MANHATTAN, NY — With rising cases of mass shootings all over the country, a simple motorcycle backfiring in a public place like New York’s busy Times Square could be mistaken for gunshot — and could cause major panic in a crowd.
This was the horrific scene for thousands of New Yorkers and tourists — who are already rattled in the wake of three mass shootings in California, El Paso, Texas, and Ohio that left at least 34 dead and dozens injured.
Panicked reactions were posted on social media, including from an ABS-CBN News colleague, who all asked, “Is this the new normal?”
“Yes, this is the new normal, people need to get used to it. I think people running away from danger is a good thing. They should run away, they should hide and immediately call the authorities and let the trained professionals deal with it,” says Karl Romaine, a life coach and author of “Unbreakable.”
“I think it’s good that more people are more aware of their surroundings and the different things around them.”
Karl Romaine has coached people who are going through trauma and grief. He said that the recent back to back mass shootings are bound to create anxiety even with people who were not present during the attacks.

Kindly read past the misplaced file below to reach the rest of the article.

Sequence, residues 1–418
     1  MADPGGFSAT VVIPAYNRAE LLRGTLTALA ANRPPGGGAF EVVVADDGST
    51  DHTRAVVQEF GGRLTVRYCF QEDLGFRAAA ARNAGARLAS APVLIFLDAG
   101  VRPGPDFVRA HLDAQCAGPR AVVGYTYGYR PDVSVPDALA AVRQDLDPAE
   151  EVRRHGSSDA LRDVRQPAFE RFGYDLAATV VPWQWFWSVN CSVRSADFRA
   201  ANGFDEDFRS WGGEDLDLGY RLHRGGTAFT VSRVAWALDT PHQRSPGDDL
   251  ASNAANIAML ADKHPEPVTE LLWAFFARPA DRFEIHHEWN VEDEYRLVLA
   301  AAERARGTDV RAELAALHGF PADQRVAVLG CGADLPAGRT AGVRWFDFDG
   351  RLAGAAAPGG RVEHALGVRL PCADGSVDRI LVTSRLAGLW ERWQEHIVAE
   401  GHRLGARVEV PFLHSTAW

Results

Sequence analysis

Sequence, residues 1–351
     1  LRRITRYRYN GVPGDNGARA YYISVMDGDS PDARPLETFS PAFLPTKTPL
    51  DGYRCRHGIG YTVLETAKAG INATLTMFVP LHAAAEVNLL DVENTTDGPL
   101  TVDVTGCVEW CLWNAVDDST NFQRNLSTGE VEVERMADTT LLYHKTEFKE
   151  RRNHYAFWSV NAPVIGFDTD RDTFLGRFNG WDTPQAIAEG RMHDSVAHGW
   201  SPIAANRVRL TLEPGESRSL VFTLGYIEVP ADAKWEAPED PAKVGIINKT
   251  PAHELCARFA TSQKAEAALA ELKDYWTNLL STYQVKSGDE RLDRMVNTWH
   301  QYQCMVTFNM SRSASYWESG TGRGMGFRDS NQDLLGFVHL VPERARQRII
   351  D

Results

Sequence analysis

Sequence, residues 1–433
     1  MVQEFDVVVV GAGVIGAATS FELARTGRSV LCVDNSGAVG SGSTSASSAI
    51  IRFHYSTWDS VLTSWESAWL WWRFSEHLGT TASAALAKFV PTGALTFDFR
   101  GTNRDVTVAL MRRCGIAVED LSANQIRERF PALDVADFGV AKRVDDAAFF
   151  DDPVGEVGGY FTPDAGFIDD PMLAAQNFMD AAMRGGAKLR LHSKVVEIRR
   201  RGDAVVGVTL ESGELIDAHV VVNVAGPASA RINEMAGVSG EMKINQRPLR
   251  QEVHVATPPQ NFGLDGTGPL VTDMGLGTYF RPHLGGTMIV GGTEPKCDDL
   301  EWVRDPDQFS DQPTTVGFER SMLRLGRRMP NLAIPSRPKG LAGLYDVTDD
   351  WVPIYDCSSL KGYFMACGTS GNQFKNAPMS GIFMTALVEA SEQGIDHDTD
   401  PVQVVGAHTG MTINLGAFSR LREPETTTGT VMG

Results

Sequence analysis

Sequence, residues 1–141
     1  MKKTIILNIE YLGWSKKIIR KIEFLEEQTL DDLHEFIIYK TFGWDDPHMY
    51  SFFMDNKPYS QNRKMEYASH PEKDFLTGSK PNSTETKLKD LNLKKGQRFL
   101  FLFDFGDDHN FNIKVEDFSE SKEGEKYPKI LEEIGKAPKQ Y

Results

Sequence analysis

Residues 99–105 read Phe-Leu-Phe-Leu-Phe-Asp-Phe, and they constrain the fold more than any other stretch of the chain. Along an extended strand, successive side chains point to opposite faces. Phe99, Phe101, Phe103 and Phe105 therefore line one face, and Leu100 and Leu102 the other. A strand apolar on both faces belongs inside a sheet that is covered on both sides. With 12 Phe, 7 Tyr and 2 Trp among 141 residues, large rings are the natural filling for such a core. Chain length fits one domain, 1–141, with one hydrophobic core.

Mental health experts have said that recent mass shootings could have affected people who were not even near Dayton or El Paso, without even realizing it.
The local mental health authority in El Paso reported that the calls to their crisis hotline this weekend dramatically increased from an average of 50 to up to 190.
“But we are especially trained our staff to recognize those signs that it might not be a today thing or a tomorrow thing, it might be weeks from now when individuals might still be having a hard time coping or processing what has happened,” said Noreen Jaramillo.
The National Center for PTSD estimates that 28 percent of people who have witnessed a mass shooting develop post-traumatic stress disorder and about a third develop acute stress disorder.